Inform 7 v10.1.0 is now open-source

Z-code support has become steadily less important through I7’s history. That’s where this sub-thread started – see comment above.

Some of the new proposals get into territory where “works well in Glulx and C” is more important than “works in Z-code at all”.

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Though on the plus side, the ability to jettison kits (and even language features!) you’re not using does also make it easier to target the Z-machine again. In theory (meaning if anyone is interested in doing all the work for it) it should be possible to come up with a sort of “punyI7” that…well, certainly won’t be as puny as PunyInform for I6, but will be optimized to fit as much into a Z8 file as possible.


For me, support for the Z-machine is less important than being able to export to a wide variety of platforms.

I wouldn’t want its removal to reduce the number of machines that finished games would run on though, so the other export options would need to cover at least as many as they do now. Otherwise, I would see it as one step forward and two back.

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Personally, I far prefer virtual machines over platform-specific executables. I’m someone who’s fairly heavily invested in interactive fiction, meaning I already have interpreters for various popular formats on hand, and I run Linux, which means there are very rarely pre-compiled platform-specific executables for my system. For me, a Glulx file and a .EXE file both require some sort of emulation to use, and the Glulx one is far more likely to work without issues (and work in the way I want it to! I still haven’t found a way to make WINE respect my screen magnification settings).

Now, I fully recognize I’m in the minority here. Most people don’t run Linux and most people aren’t involved enough in IF to know or care about Glulx and Z-machine interpreters; they just want something they can download and run. But I think Infocom made the right decision when they decided to have a domain-specific VM that could be implemented on all different platforms. If you want to run Inform games on a shiny new phone, you just need an appropriate interpreter and suddenly all the games from the past 30 years are available, rather than needing to recompile decades-old (often-closed-source) games for a new platform or emulate an old version of Windows as best you can.


Remember that the goal of the C back end is not to give you .exe binaries to dowload for IFComp. It’s to integrate with larger game frameworks like Unreal. (Or, with a C# back-end, Unity.)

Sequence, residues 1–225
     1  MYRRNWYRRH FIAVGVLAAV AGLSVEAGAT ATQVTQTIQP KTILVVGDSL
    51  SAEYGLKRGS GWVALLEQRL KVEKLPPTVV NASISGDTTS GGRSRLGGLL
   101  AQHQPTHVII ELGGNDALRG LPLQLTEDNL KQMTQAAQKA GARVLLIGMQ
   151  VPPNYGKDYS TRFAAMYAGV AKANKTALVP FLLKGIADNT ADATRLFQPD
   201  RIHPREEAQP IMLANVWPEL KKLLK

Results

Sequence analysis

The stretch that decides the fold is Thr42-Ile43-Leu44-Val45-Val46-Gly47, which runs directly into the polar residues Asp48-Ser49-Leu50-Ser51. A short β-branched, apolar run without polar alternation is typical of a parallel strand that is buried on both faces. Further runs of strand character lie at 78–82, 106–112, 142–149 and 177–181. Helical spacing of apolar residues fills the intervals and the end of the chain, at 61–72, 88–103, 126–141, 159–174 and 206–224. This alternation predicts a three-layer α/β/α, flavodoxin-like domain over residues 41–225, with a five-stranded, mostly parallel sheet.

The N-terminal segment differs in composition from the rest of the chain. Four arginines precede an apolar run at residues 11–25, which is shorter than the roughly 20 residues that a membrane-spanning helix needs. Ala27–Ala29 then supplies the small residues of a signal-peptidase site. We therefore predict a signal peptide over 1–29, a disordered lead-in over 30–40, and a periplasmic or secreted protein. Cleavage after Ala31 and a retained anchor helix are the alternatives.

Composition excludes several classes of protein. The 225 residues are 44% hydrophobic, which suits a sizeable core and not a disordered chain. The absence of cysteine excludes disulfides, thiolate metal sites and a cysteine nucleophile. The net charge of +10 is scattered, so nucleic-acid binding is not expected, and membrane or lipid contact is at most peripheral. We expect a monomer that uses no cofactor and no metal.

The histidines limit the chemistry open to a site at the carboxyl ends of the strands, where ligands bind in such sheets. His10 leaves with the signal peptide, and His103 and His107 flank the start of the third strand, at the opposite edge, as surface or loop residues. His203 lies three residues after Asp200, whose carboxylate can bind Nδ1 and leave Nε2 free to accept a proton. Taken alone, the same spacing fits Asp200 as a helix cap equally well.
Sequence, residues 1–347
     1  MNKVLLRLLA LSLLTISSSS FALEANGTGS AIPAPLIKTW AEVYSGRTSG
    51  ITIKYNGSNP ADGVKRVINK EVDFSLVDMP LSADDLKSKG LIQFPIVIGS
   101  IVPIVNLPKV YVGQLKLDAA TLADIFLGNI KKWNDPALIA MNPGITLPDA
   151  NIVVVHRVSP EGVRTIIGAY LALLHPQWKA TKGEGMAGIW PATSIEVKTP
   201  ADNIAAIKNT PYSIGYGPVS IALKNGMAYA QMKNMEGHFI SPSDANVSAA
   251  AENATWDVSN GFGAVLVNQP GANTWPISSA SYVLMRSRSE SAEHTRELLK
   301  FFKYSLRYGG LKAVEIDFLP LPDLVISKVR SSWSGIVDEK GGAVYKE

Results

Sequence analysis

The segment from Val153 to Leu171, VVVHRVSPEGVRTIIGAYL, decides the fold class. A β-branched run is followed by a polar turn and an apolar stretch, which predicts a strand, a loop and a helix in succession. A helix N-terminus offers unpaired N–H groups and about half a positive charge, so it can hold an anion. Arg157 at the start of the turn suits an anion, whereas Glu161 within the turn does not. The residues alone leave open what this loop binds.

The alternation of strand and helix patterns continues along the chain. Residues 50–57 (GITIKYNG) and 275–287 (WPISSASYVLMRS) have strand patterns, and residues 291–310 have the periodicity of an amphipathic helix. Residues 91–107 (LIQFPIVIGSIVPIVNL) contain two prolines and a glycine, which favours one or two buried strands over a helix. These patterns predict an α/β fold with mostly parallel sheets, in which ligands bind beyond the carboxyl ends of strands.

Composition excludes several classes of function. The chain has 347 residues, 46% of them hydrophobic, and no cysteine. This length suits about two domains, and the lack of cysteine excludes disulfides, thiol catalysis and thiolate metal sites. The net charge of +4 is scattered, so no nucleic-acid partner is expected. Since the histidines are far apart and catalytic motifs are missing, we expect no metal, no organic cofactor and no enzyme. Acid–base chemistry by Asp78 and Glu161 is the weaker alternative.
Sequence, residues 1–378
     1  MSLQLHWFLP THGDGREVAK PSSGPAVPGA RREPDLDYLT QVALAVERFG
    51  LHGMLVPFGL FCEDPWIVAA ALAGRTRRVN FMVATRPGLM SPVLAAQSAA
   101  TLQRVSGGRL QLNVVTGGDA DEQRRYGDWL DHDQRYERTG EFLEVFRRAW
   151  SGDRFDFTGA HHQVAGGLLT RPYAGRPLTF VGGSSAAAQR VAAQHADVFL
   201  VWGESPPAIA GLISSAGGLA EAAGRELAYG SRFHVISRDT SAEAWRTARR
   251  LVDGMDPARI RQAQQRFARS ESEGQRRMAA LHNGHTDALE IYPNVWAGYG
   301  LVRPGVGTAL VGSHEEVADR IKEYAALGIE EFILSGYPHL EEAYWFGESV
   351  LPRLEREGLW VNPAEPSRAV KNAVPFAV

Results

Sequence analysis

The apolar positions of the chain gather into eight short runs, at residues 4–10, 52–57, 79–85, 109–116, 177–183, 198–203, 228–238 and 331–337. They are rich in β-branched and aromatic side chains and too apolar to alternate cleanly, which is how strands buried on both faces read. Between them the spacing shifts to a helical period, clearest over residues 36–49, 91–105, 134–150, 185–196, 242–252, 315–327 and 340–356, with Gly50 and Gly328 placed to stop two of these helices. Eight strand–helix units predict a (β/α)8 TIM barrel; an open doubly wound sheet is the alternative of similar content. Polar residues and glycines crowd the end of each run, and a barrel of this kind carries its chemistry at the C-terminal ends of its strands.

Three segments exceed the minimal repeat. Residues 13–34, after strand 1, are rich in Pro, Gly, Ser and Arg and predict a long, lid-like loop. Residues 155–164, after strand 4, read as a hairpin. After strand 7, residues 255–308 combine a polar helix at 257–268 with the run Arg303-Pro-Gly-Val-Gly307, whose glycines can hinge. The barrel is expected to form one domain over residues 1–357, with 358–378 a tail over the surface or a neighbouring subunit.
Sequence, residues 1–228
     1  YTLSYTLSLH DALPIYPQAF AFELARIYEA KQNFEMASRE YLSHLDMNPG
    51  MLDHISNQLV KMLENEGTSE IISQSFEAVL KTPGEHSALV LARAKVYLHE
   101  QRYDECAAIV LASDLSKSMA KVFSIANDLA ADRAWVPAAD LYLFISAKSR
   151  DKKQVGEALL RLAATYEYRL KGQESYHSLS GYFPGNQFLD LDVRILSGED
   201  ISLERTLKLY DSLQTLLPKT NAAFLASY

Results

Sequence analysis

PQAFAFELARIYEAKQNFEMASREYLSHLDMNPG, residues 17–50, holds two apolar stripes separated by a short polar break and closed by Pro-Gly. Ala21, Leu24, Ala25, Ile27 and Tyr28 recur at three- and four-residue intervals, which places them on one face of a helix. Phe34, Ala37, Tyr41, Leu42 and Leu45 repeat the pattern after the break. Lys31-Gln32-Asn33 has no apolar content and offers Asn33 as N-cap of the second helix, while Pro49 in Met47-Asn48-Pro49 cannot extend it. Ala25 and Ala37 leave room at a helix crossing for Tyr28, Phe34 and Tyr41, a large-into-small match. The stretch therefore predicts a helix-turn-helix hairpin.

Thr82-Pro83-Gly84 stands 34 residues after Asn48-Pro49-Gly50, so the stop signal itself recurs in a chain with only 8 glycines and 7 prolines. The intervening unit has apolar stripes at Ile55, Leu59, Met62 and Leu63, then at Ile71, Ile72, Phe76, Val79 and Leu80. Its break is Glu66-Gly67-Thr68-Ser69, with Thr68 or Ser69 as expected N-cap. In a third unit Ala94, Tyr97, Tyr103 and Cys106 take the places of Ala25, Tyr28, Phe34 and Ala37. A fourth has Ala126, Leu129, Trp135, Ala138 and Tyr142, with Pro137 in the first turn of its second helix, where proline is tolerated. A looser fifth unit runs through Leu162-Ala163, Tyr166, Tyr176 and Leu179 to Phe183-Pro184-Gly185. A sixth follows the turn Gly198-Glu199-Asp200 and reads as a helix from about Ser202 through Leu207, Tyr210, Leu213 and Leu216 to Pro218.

Which is to say: you are no longer the only use case here.


Oh, absolutely. And given how much effort has been put into keeping Z-machine support intact when it would be much easier to abandon it (meaning the entire Flex system would no longer be needed, for example) I don’t think it’s going anywhere any time soon.

I just want to express why I think it’s a good thing that Graham’s kept it around. C export is not at all a threat to that, especially when I7 can build a playable website for you (which is better than an executable for most potential players anyway).

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This actually brings up a question I’ve been wondering about, though.

There are two main reasons to use inline assembly at this point. One is if you want to do something that only one specific platform supports, and it makes sense that this would have to be platform-specific.

But the other is when there’s something every platform supports, but I6 doesn’t have a special syntax for it. For example, bit-shifts don’t come up much in IF, but both the Z-machine and Glulx have opcodes for it. So if I need bit-shifts in my I7 code, for whatever reason, I’ll define a routine in I6, to assimilate into Inter, which has the platform-specific implementations written in inline assembly. So far so good.

But what about C? How do I tell Inter that the C implementation of my right-shift routine should be x >> y? Is this a thing that can be done with splats?

Or, for another example, suppose everyone finally comes to their senses and realizes that the look-and-say sequence is vital to modern interactive fiction, and we get a @lookandsay opcode in Glulx that returns the Nth look-and-say number. I write an extension that wraps this extension in a routine so Inform authors can use it. But I also want to include a separate implementation in C, which doesn’t have a special syntax for this, but has a standard-library version I want to call. Is that currently possible, without making a new Inter primitive for it?

When you compile to C you can literally make up arbitrary opcodes that Inform has never heard of before – you just have to write the corresponding C code to handle it.

C Assembly

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Perfect, that is exactly what I was looking for! Thanks!

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I’m exploring the possibility of compiling games to C# in addition to C. Odds are it’ll be more for personal use than a fully functional thing, but that will work on Linux with no issues.

Compiling to C# is mentioned in Graham Nelson’s Narrascope 2022 talk as being interesting for Unity integration.

Compiling to Nim or Haxe would also be useful, as they both compile to multiple programming languages.

Concur and agree. I actually compile by hand with this commandline magic:

inform/inform6/Tangled/inform6 -v8 -w -~D '$OMIT_UNUSED_ROUTINES=1' $1.inform/Build/auto.inf -o $1.inform/Build/$1.z8

the power of $OMIT_UNUSED_ROUTINES gives a ~328k shell.z8, leaving an elbow space, in my very rough estimate, comparable with punyinform’s minimal.z3 so I guess that a punyI7 is not only feasible, but in a certain sense is already an I7 hidden feature :smiley:

Best regards from Italy,
dott. Piergiorgio.